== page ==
If both houses approve a bill, it then goes to the Governor. The Governor has three choices. The Governor can sign the bill into law, allow it to become law without his or her signature, or veto it. A governor's veto can be overridden by a two thirds vote in both houses. Most bills go into effect on the first day of January of the next year. Urgency measures take effect immediately after they are signed or allowed to become law without signature.

Bills that are passed by the Legislature and approved by the Governor are assigned a chapter number by the Secretary of State. These Chaptered Bills (also referred to as Statutes of the year they were enacted) then become part of the California Codes. The California Codes are a comprehensive collection of laws grouped by subject matter.

Undercrossing From La Conchita to La Conchita Beach in Ventura County

La Conchita Beach is a pleasant, sparsely occupied mile or so long strip of pristine beach sandwiched between Mussel Shoals and Rincon Beach. There's no parking or facilities. To get there, your options are to ride or walk in from Rincon Beach or find a spot in La Conchita and take this tunnel that takes you from Surfside St in La Conchita to the beach. Or you can park in one of the few available spots on Old Pacific Coast Highway in Mussel Shoals (same street the Cliff House Inn is located on.)

Fun to explore around here on this beautiful beach. I can see why residents of this community, which has been devastated by landslides several times over the years, stay in this unique location paralleling the 101 and the Pacific Ocean. Ventura and Carpinteria area beaches compiled at THIS LINK.

Murals at the South End of Silver Strand Beach in Oxnard, Labor Day 2019

Labor Day 2019 was actually my first time at the far south end of Silver Strand Beach, south of the Channel Islands Harbor in Oxnard. I ran there from the Harbor via Victoria Avenue down to the end of Ocean Drive, where it dead ends at Sawtelle Avenue.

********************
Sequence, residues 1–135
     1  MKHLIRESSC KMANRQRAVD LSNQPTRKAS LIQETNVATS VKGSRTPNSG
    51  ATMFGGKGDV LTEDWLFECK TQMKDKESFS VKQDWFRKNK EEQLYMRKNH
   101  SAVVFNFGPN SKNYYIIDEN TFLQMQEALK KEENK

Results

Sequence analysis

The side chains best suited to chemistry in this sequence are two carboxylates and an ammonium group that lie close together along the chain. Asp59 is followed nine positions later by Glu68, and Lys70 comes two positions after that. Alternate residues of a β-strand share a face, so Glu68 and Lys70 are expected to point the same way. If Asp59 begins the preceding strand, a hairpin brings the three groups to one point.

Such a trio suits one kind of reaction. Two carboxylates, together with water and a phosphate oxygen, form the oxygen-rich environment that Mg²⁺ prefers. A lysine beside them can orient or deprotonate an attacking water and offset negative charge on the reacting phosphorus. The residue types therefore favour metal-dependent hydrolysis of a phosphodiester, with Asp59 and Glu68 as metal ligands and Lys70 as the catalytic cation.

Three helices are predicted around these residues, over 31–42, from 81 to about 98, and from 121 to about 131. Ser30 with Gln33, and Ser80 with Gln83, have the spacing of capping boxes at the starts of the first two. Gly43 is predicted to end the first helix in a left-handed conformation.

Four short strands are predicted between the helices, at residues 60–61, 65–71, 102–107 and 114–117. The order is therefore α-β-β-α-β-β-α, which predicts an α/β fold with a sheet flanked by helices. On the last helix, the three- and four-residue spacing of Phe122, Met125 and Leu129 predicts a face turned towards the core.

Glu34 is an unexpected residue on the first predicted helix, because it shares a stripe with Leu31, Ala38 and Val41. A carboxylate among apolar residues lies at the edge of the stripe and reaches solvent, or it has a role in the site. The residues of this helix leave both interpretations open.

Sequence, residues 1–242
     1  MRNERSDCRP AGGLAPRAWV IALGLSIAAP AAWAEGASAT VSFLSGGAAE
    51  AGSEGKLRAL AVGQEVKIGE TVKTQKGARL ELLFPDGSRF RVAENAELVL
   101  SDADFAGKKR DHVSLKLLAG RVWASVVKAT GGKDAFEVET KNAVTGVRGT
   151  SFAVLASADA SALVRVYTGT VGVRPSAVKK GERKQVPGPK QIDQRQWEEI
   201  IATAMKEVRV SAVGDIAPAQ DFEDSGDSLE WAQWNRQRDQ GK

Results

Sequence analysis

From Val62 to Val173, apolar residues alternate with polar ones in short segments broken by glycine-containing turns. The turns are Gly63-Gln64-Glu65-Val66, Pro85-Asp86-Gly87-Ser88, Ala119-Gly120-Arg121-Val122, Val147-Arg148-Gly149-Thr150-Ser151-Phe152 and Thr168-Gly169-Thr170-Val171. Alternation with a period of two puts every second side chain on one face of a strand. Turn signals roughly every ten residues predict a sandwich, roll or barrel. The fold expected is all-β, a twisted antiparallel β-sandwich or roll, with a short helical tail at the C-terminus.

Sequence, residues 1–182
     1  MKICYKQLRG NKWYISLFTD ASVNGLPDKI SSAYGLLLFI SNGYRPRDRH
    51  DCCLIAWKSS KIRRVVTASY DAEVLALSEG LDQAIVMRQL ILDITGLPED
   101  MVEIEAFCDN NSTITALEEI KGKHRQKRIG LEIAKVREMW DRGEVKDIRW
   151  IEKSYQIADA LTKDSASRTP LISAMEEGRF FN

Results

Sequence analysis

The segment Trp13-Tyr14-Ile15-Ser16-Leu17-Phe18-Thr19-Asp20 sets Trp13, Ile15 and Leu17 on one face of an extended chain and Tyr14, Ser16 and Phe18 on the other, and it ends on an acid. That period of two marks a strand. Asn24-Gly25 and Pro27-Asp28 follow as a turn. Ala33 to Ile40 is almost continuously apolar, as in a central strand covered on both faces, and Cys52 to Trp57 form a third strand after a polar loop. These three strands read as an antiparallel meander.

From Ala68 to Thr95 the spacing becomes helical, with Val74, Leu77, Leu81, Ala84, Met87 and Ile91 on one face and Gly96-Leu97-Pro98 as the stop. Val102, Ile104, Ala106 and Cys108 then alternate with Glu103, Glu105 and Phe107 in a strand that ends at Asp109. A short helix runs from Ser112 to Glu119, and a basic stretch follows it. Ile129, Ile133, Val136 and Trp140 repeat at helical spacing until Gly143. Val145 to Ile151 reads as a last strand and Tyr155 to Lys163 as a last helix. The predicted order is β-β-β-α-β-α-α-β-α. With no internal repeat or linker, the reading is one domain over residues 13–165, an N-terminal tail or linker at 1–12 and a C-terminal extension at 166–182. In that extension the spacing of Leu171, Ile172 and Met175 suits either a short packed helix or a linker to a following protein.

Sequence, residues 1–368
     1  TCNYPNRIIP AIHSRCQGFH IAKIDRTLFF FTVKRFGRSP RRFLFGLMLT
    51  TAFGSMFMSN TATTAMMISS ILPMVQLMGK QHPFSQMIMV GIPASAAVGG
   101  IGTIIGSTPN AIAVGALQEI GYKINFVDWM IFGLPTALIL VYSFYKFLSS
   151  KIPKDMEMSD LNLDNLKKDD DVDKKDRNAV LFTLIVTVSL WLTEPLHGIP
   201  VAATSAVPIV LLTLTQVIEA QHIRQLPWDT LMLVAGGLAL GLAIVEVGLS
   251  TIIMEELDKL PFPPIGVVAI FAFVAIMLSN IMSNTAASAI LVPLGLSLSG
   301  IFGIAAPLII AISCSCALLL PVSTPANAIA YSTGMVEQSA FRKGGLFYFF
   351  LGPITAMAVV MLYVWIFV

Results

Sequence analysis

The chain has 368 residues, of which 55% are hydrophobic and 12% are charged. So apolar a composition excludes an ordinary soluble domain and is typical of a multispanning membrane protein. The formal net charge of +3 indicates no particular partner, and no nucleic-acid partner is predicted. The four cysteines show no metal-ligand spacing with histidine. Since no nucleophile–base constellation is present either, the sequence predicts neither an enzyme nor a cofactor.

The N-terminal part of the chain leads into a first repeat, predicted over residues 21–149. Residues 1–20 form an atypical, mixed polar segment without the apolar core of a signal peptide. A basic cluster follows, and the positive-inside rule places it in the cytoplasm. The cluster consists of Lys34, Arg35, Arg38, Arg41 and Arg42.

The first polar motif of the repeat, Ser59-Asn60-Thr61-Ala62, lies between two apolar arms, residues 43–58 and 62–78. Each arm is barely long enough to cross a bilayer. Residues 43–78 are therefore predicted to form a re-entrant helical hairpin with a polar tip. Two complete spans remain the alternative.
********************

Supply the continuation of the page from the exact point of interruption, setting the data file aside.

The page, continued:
On the other side of this wall is a park dedicated to the 500 foot La Jenelle shipwreck here in April 1970. Portions of the ship remain, filled with rocks, as part of a jetty there at the south end of Silver Strand. La Jenelle Park lies on the other side of the wall and fence.

September 2 (Labor Day 2019) will be a day of mourning in the local area, as it was the day that 34 people lost their lives aboard the Conception off the coast of Santa Cruz Island.after a fire broke out on the ship around 3 in the morning. Five crew members escaped. The Conception was chartered for a 3-day scuba diving voyage.

U.S. National Park Service Free Entrance Days


There are over 400 national parks covering over 84 million acres throughout the United States and its territories.  The majority of these parks do not charge entrance fees (though parking fees often apply). As for the 124 national parks that do have entrance fees, there are a number of designated "fee free" days each year.

Here are the National Park Service Free Entrance Days in 2019:

  • January 21 (Martin Luther King Jr. Day)

  • April 20 (First Day of National Park Week)

  • August 25 (National Park Service Birthday)

  • September 28 (National Public Lands Day)

  • November 11 (Veterans Day)

The parks that normally charge a fee that are free on the above dates are listed at California parks in this category include:

Plenty of other amazing national treasures are on this list, like Grand Canyon National Park.

And of course there are two national parks in Ventura County that are always worth exploring:

For more information about the National Park Service, visit

Daylight Saving Time Ends on the First Sunday of November


Daylight Saving Time ends on the first Sunday of November each year in the U.S. (with the exception of Arizona and Hawaii). In 2019, that will be Sunday, November 3rd at 2 a.m.

At 1:59:59 a.m. on that Sunday, your clocks will revert back to 1 a.m. Yes! FALL BACK!! An extra hour of sleep!

The Energy Policy Act of 2005 gave us an extra month of DST by starting DST 3 weeks earlier and ending it one week later.

For my more precise readers, it is officially called Daylight Saving (not Savings) Time. So if you want to annoy your friends, correct them any time they call it Daylight SavingS time.

Also as one website I found mentioned, Daylight Saving Time is technically inaccurate, since we don't really gain daylight. It would more appropriately be called Daylight Shifting Time but I don't see that being a high priority initiative.

Falling back is probably my favorite day of the year as I thoroughly enjoy the gift of an extra hour. I despise the Daylight Saving Time transition and rant about it here.